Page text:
Cubs

Random News of the Day: Wedding Brackets

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Random News of the Day: Wedding Brackets

Tuesday, Feb. 22, 2011
8:58 a.m.

By Joe Collins
CSNChicago.com

Guys know sports. We eat, sleep and breathe them. We love and respect the games, the players, the competition, the hype and the excitement. They make us who we are and we can never get enough. We love talking about the MVP-performance we watched on TV the night before, or the MVP-performances we say we had back in school. We love talking complex strategy, like why you should bunt a speedy runner over to second when you have a solid lefty hitter on deck. And we also like turning everyday situations into something, anything, that is sports related: placing basketball nets over the garbage can, folding papers into triangles so you can kickflick field goals, throwing snowballs as if we were the next Roy Halladayyou name it. And when were in uncharted waters, its relieving to know that we can always channel the sports world to put us back in a safe harbor.

And for guys, nowhere is this more apparent than in wedding planning.

You see, I am in the selecting a type of wedding invitation phase with my fiance. Obviously, this is her domain. Its all her on this. And frankly, thats the way it should be. I feel about as out of place as the Ernest Goes To Camp producers were on Oscar night, 1988. We got through two of those gigantic invitation selection books and declared that the ball was in her court from that point forward (haonce again: sports references make it easier). But as we were discussing our invitation list, along with the differences between Esperanza and Monotype Corsiva fonts, I fell into a sports trance and had a vision: a wedding invitation list is a clone of the selection process for the NCAA basketball tournament. Guys: if you have gone the marital distance, or if youre in the wedding on-deck circle (like me), or if youve ever filled out an NCAA bracket before, then you can relate to the following. Picture what a wedding looks like. Now merge it with March Madness. It should look something like this:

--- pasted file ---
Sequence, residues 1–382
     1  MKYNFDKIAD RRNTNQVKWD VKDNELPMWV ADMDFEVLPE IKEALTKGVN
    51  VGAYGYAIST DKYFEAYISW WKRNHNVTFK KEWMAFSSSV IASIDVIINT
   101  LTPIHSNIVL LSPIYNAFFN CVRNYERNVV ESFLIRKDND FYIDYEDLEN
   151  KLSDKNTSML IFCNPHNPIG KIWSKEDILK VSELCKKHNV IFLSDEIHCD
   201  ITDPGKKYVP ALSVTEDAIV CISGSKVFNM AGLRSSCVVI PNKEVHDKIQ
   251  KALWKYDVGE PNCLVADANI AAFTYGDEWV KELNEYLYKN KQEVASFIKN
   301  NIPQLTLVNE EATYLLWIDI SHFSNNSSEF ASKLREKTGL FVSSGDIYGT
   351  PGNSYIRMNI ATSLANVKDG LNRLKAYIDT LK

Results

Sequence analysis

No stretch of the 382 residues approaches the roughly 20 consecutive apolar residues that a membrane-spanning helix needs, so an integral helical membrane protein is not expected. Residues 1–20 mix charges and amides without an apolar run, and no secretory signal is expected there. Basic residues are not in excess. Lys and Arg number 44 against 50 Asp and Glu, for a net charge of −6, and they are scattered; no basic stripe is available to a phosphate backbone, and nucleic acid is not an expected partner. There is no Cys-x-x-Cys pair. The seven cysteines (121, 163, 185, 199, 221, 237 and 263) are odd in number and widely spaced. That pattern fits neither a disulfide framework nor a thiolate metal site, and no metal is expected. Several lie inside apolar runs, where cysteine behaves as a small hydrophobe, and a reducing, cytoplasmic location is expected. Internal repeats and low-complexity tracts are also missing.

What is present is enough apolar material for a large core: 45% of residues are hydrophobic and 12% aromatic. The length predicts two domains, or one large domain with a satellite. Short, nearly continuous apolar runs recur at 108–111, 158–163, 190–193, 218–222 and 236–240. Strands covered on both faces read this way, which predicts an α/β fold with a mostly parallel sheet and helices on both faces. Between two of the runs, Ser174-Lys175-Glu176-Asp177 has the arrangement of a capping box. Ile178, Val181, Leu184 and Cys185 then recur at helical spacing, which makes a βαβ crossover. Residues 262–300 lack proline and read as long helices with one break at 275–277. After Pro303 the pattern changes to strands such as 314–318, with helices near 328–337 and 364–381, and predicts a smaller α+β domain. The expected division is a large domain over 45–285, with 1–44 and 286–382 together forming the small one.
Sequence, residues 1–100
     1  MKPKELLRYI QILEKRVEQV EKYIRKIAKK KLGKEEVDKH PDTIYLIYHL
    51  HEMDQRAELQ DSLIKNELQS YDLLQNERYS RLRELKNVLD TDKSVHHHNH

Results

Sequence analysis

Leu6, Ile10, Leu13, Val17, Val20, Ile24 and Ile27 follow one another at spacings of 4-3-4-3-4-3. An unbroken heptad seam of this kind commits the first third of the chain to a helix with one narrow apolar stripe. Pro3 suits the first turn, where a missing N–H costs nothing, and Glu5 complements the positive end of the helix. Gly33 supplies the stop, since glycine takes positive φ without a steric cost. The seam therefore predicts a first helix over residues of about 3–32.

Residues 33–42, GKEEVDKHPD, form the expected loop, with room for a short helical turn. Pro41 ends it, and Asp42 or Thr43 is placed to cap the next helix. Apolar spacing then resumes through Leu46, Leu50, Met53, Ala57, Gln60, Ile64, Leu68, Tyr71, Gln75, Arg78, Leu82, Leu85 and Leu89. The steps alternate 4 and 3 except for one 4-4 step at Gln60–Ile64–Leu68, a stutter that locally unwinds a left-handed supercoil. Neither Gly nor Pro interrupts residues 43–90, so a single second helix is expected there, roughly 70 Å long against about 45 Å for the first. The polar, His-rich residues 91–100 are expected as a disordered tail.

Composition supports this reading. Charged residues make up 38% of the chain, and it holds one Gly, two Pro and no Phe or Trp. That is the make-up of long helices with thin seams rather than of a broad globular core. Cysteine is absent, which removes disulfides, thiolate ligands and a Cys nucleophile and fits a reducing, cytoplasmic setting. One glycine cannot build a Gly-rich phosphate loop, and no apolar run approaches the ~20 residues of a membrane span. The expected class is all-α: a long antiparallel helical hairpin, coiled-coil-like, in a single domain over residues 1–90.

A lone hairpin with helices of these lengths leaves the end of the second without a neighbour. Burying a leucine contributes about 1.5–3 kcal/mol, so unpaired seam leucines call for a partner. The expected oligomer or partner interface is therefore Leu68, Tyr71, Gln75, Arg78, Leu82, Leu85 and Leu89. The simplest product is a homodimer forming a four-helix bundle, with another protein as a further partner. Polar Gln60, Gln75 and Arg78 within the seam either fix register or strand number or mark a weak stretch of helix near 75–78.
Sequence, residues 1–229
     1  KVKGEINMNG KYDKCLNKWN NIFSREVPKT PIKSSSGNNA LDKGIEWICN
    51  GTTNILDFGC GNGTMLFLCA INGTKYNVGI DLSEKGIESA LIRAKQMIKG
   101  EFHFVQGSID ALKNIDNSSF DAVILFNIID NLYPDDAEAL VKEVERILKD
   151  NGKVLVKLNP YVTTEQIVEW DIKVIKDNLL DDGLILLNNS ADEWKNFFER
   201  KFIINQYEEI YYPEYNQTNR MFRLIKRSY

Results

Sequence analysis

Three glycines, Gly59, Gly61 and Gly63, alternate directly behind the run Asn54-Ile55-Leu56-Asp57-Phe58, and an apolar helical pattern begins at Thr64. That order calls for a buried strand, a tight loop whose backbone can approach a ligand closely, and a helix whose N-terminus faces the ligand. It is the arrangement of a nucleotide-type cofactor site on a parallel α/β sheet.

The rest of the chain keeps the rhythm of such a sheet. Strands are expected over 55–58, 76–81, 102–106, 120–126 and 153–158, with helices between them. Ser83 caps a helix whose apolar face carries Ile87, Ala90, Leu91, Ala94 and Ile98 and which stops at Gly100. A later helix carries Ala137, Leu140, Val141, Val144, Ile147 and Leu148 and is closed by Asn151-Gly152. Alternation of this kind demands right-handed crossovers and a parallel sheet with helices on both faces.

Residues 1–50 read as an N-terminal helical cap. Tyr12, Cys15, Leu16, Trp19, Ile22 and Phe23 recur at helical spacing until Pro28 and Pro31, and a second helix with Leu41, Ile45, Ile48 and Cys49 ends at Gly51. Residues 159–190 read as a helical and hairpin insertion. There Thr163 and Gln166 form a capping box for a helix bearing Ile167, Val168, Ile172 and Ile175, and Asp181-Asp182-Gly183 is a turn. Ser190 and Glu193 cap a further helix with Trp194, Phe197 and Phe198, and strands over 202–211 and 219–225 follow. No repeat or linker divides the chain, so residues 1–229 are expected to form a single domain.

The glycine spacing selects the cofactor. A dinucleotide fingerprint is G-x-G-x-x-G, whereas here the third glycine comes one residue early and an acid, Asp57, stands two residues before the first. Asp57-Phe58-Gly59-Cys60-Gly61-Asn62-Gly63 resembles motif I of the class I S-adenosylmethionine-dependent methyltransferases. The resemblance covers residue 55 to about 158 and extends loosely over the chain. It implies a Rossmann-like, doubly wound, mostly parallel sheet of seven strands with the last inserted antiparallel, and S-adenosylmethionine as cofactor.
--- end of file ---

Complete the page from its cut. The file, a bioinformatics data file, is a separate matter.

1 Seeds: Bride, groom, best man, maid of honor - The ones that go the distance. Theyre the teams that have consistently met the challenge in the past and the ones most likely to stick with you all the way to the end.

2 Seeds: Parents Of the Bride And Groom - When making a wedding invitation list, placing these teams anywhere below a 2-seed would be an outrage.

3 Seeds: The Rest Of The Wedding Party - These people are likely to be very good friends and family members. Sure, you might have a 3-seed who plows through too many whiskey sours and falls victim to The Electric Slide by the end of the night, but heyupsets happen.

4 Seeds: Most Aunts, Uncles & Grandparents - They earned their ticket to the big dance. Some made it because of their names alone. We all have the consistent Uncle North Carolina and an Aunt Wisconsin in our family, right? And sometimes theres a Grandpa Gonzaga that comes around and becomes the life of the party.

5 Seeds: Everyday Friends - Solid, loyal and fun to be around. Theyre a must-invite. But as weve seen in the NCAA tournament in recent years, a lot of five seeds have been known to turn sour. Decide which ones can will show up down the road in life and proceed with guarded optimism.